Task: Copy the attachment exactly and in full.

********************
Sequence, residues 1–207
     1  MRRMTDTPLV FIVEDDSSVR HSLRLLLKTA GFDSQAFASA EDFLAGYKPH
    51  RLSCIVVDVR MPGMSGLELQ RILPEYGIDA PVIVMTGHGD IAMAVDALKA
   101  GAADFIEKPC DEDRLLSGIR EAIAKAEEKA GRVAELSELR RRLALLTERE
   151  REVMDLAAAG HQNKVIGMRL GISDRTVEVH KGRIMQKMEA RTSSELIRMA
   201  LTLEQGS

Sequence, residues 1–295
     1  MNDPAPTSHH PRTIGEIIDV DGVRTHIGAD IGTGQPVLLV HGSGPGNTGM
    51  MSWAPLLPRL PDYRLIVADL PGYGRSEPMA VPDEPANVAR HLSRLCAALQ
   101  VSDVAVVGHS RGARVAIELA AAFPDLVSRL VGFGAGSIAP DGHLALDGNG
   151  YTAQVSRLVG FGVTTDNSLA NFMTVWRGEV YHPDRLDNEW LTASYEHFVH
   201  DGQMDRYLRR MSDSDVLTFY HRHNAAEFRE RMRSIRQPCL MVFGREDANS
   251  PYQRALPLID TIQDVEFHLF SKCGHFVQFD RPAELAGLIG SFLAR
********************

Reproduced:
Sequence, residues 1–207
     1  MRRMTDTPLV FIVEDDSSVR HSLRLLLKTA GFDSQAFASA EDFLAGYKPH
    51  RLSCIVVDVR MPGMSGLELQ RILPEYGIDA PVIVMTGHGD IAMAVDALKA
   101  GAADFIEKPC DEDRLLSGIR EAIAKAEEKA GRVAELSELR RRLALLTERE
   151  REVMDLAAAG HQNKVIGMRL GISDRTVEVH KGRIMQKMEA RTSSELIRMA
   201  LTLEQGS

Sequence, residues 1–295
     1  MNDPAPTSHH PRTIGEIIDV DGVRTHIGAD IGTGQPVLLV HGSGPGNTGM
    51  MSWAPLLPRL PDYRLIVADL PGYGRSEPMA VPDEPANVAR HLSRLCAALQ
   101  VSDVAVVGHS RGARVAIELA AAFPDLVSRL VGFGAGSIAP DGHLALDGNG
   151  YTAQVSRLVG FGVTTDNSLA NFMTVWRGEV YHPDRLDNEW LTASYEHFVH
   201  DGQMDRYLRR MSDSDVLTFY HRHNAAEFRE RMRSIRQPCL MVFGREDANS
   251  PYQRALPLID TIQDVEFHLF SKCGHFVQFD RPAELAGLIG SFLAR